Firespout deals another point of damage for R2, but if you can pay for a Green, it can wipe out flyers as well. Ultimately, I think that the casting cost is simply too steep. 1R is a casting cost you can rely on. I don’t think that this card gives you enough additional “oomph” to justify the additional colorless mana over Pyroclasm. Of course, I could be wrong!

Grim Poppet

I can see a single relevant advantage of this card over Triskelion or Triskelavus. I really wish that they had costed this at 6, because then I think it would see more play in Vintage. In Workshop decks, 2-4 mana is a turn 1 play, 4-6 mana is a turn 2 play, and 6+ is a viable turn 3 play or later. In other words, I think that the seventh additional mana basically changes the total speed of the card. While it is true that you could have 7 mana on turn 1, a seven-mana spell is most likely to be played after turn 2.

It’s too bad because I think this could is probably another great additional for the Shop mirror, not at all bad as a maindeck card either for additional Trikes. It’s just a tad overcosted. For 8 mana you can get Sundering Titan.

Guttural Response aka Green Elemental Blast

Red Elemental Blast and Pyroblast have been Vintage staples since the earliest days of organized play. There was a pair of Red Elemental Blasts in the famous Weisman control deck as a way of fighting mirror matches and winning counterwars. Although Guttural Response is not a fully-fledged Red Elemental Blast, it takes its most important ability: the ability to counter Blue Instants.

In Vintage, Blue Instants are big boys of the format: Flash, Ancestral Recall, Force of Will, Mana Drain, Gifts Ungiven, Gush, Brainstorm, Hurkyl’s Recall and the like. True, there are a number of great Blue Sorceries, like Merchant Scroll or Tinker, but they are almost always preceded or followed by an Instant.

True, there are a handful of other Blue spells that are relevant for Red Elemental Blast, like Energy Flux or Psychatog, but those cards don’t see nearly as much play as the others just described.

By far the most important effect of this card is to give Green a part of Red Elemental Blast and Pyroblast. At a time when Flash decks are on the rise, the timing could not have been better. This card could even be utilized in Flash mirror matches without having to splash for Red.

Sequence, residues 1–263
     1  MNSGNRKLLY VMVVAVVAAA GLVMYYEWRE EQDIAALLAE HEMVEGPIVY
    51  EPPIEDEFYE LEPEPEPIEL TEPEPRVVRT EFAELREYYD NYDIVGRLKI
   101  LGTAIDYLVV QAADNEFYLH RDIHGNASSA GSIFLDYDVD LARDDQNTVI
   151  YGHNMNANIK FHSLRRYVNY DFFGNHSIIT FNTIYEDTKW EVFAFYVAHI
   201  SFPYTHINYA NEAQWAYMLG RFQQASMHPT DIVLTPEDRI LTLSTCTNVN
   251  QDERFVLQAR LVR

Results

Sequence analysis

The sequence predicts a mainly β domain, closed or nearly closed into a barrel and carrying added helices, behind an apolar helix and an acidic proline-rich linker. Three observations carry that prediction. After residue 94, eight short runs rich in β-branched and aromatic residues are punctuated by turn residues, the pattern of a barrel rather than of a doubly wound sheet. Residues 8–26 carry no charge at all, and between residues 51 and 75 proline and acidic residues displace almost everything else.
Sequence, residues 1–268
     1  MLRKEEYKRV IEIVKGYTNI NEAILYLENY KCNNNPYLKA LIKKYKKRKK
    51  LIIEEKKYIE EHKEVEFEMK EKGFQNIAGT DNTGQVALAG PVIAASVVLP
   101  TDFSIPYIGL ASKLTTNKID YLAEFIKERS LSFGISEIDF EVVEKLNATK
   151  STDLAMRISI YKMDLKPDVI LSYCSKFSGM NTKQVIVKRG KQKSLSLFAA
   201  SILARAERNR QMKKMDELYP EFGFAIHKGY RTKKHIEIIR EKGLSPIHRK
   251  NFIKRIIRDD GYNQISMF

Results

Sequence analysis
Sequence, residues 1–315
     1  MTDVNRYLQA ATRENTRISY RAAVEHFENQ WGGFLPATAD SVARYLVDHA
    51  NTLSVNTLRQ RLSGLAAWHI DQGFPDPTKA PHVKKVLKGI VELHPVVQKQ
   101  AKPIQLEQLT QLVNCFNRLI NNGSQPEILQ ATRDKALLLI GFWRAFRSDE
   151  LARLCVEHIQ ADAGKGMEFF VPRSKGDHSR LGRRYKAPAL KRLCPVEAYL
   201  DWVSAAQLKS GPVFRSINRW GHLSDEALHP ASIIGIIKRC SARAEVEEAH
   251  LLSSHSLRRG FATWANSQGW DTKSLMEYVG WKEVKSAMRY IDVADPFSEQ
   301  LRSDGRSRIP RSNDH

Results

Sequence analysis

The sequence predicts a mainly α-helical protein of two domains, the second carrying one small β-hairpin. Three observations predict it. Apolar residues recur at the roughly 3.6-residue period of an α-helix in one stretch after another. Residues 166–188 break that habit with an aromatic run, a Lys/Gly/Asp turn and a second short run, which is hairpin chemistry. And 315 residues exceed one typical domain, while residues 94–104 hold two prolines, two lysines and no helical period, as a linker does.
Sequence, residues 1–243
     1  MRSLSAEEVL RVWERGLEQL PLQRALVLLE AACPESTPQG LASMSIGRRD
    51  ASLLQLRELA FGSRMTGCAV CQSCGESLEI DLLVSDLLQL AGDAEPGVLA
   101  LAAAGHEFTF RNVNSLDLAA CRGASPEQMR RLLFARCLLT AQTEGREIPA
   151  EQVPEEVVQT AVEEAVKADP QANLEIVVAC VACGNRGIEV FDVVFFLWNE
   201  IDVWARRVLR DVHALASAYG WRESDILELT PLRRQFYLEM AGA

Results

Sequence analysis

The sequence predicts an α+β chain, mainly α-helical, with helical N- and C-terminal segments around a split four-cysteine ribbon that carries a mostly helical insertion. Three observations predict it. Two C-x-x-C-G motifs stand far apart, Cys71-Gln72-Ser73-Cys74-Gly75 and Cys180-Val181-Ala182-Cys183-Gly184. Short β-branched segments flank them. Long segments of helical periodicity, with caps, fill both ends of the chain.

The question of whether this card will see a decent amount of play will depend upon how important it is that Green get this new slice of the color pie.

Sadly, I think the answer to that question is: not very. In general, color limitations have not been significant in Vintage, due to the presence of Onslaught fetchlands and Alpha dual lands. Any deck that doesn’t have Red mana can basically splash a single Volcanic Island and support multiple Red Elemental Blast. It could be the case that the only decks that will want this card will be those that are mono-Green, a hyper rarity in Vintage.

Nonetheless, there might be decks out there that just want the stability of not having to splash multiple Volcanic Islands to play Red Blasts. In that case, this card will see play.

I think this will see play somewhere, but probably not much.


It has basically been over three years since I designed Meandeck Tendrils. It took me a couple of months to figure out how to get from Land Grant to Tendrils of Agony with 10 storm on a consistent basis. Since then, they have printed Rite of Flame, Desperate Ritual, and similar cards. In addition, Chromatic Star, Street Wraith, and Ponder are all new cards that aid the archetype.

The thing that really makes this card attractive is that with Land Grant and a Mox, you have an alternative opening to turn 1 Dark Ritual. It might be fun to try and tune a new Meandeck Tendrils using this card, but that would be the subject of another article.

In terms of more immediate or useful applications, the obvious question is whether this card has a home in Goblin Charbelcher, and I think the answer is no, unless you want to broaden the deck to include more colors than it currently does.

Mistveil Plains

Wizards: Please unrestrict Mox Diamond. This card is a playable card in a Parfait control lock deck. You can Land Tax for this card and use it as an anti-decking mechanism and recur cards like Swords to Plowshare and Balance. You can also discard it to Mox Diamond. I only wish they hadn’t made it come into play tapped. Wussies.

Oona, Queen of the Fae

A most elegant and powerful win condition for Worldgorger Dragon combo.

Oona is sort of like a Hellkite and Ambassador Laquatus wrapped up into one card. This card will see play wherever Dragon sees play Today, that isn’t much. But a year from now, it could be a hot deck again.

Puresight Merrow

I think this is the kind of card that asks us to look at the new untap mechanic. Unfortunately, they have put a mana cost with each untap, preventing the sorts of combos that might be viable in Vintage.

Runed Halo

This card would be amazing if deck Parfait ever becomes viable again in Vintage. I think that could depend on if Wizards ever decides to unrestrict Mox Diamond to enable the Land Tax draw engine.

Savor the Moment